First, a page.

Nampak rallied 66.0% MoM in April, also from a low base, after its share price dropped by 69.7% in March – we note the share is still down 75.7% YTD (see Figure 4). In early April, the packaging Group said that it had received R1.5bn in proceeds from the sale of its glass business on schedule, having recently relaxed debt covenants with lenders partially due to the risk of a delay in payment.
Finally, Pan African Resources, which recorded a 48.8% MoM jump in its share price, was also buoyed by the stronger gold price. The firm, which mines in Mpumalanga, closed at a YTD share price high of R3.48 on 28 April.
Figure 2: The 20 worst-performing shares in April 2020, MoM
Source: Anchor, Bloomberg.
Agribusiness, Zeder Investments (-55.7% MoM) was April’s worst-performing share by quite a margin. Zeder reported FY20 results last month which showed that its revenue had decreased to R7.49bn from R7.64bn posted in FY19, while diluted HEPS fell to ZAc7.10. Agrivision Africa, Zeder’s joint venture in Zambia, where it grows, mills and sells maize directly to consumers via its own operations, recorded a 51% YoY destruction in value. At one point the business was valued at c. R700mn but it is now valued at around R242mn. For several years, Zeder has indicated that it wants to sell this asset, but this has not happened. On 23 March, Zeder disposed of its largest investment, Pioneer Foods for a total consideration of R6.4bn.
Investment holding and management company, Invicta was in second spot with a MoM share price decline of 27.2%. It was followed by PPC Ltd, which was down 26.5% MoM. Last week, PPC announced the appointment of a permanent CFO and said that its businesses have generally been operationally constrained in their respective jurisdictions during April. Locally, the company said that only PPC Lime sold small quantities to customers deemed by the authorities as essential providers. Overall, SA sales volumes for April are expected to be c. 95.0% lower YoY, due to the stringent lockdown measures imposed by government.
The dire local economic outlook had already impacted property share prices hard when COVID-19 struck, but the sector is now in crisis as the lockdown forces retailers into a situation where they may be unable to pay rentals, adding further pressure to an already-struggling locally listed property sector. Some tenants (especially in the retail sector) earned little or no turnover during the lockdown, and we have no doubt they will want to renegotiate rentals with landlords, while other smaller tenants might go bankrupt. In addition, property companies may adjust (some have already) their capital retention policies — which could impact dividend payments. It was therefore no surprise that local property counters such as Vukile (-23.6% MoM), a retail centre owner in SA and Spain, and Octodec (-19.1% MoM), were quite high among the list of worst-performing shares. In early April, Vukile announced that even after considering the impact of the COVID-19 pandemic in Southern Africa and Spain, its FY20 distributable EPS was expected to remain within the guidance of 3.0%-5.0% YoY growth. However, to maintain maximum operational and financial flexibility, it withdrew its FY20 DPS guidance. In its 1H20 results, Octodec stated that its revenue increased to R1.0bn from R0.98bn posted in 1H19 and its diluted EPS fell by 83.5% YoY to ZAc13.0. The firm also did not pay a dividend, saying that it will reassess its position on this at year-end.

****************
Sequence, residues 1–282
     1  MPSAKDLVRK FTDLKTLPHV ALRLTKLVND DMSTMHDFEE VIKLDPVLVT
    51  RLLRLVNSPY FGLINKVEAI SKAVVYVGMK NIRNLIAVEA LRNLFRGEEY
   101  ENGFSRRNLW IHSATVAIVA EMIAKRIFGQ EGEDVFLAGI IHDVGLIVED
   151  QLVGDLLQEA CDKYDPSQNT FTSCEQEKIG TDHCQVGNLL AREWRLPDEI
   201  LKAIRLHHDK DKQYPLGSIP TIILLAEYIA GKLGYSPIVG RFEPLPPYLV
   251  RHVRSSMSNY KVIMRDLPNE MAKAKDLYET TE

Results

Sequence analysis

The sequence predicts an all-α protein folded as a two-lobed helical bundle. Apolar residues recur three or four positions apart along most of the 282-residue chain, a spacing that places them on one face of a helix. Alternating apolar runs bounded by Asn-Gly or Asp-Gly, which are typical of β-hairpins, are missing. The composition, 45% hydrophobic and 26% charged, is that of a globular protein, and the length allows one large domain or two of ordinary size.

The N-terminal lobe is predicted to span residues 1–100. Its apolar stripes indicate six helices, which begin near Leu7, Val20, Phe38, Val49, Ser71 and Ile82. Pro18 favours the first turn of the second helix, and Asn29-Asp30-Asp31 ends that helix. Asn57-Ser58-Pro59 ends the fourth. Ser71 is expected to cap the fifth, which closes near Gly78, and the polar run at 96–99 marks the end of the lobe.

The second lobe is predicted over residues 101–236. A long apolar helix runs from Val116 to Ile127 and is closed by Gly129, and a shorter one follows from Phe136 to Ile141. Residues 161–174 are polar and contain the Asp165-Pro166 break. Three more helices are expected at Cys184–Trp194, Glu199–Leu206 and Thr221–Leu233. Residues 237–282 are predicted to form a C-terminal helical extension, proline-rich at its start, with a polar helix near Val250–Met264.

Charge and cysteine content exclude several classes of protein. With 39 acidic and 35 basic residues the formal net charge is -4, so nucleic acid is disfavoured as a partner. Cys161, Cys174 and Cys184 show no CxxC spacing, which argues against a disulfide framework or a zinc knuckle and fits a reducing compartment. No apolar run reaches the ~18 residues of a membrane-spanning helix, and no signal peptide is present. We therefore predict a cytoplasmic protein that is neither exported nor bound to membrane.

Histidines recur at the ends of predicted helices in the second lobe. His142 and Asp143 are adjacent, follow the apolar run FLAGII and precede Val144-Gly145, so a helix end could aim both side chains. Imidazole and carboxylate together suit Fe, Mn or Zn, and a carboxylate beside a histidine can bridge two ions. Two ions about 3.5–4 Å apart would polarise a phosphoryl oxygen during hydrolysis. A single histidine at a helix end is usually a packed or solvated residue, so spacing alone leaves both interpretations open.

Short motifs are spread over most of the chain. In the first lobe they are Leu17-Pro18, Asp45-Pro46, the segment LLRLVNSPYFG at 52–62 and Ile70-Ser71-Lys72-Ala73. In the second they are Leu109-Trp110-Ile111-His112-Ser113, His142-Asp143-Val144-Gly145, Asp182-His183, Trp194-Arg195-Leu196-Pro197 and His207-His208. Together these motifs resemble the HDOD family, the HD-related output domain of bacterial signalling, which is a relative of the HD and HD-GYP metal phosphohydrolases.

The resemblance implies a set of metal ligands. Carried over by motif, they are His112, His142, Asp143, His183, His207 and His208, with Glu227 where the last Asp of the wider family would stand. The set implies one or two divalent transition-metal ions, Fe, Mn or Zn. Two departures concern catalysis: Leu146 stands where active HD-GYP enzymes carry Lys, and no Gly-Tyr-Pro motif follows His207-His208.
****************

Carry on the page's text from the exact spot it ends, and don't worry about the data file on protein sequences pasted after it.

Hosken Consolidated Investments (HCI), whose primary investee companies are in manufacturing, hotels and casinos, which for the most part have completely closed due to the lockdown, fell 17.4% MoM. HCI’s CEO also said because its investee companies are in those sectors they will likely not reopen when the lockdown is lifted (it was moved to stage 4 on 1 May) and will probably have to operate under this cloud for most of 2020, with the exception of manufacturing. Fin24 writes that, to make matters worse, as an investment holding company that spends money to acquire new ventures, HCI’s balance sheet is highly leveraged.
Meanwhile, Arrowhead Properties and Dis-Chem Pharmacies both recorded MoM losses of 17.2%. Last month, Arrowhead said that the potential impact of COVID-19 on the business remains uncertain and as at 20 April (the date of the announcement), more than 65.0% of its April 2020 total billings has been collected. It noted that the Board believed that, “given the current unprecedented circumstances and prevailing uncertainty”, it is important that Arrowhead retain as much capital as possible to protect its balance sheet and bolster liquidity. Accordingly, it resolved to defer a decision on the payment of an 1H20 interim dividend, until the release of its FY20 results (on, or about, 25 November). In April, SA’s competition watchdog charged Dis-Chem, the second-biggest pharmaceutical products retailer, with excessive pricing of sought-after face masks, making it the first high-profile company to have to answer COVID-19-related price gouging allegations. Dis-Chem has denied the allegations.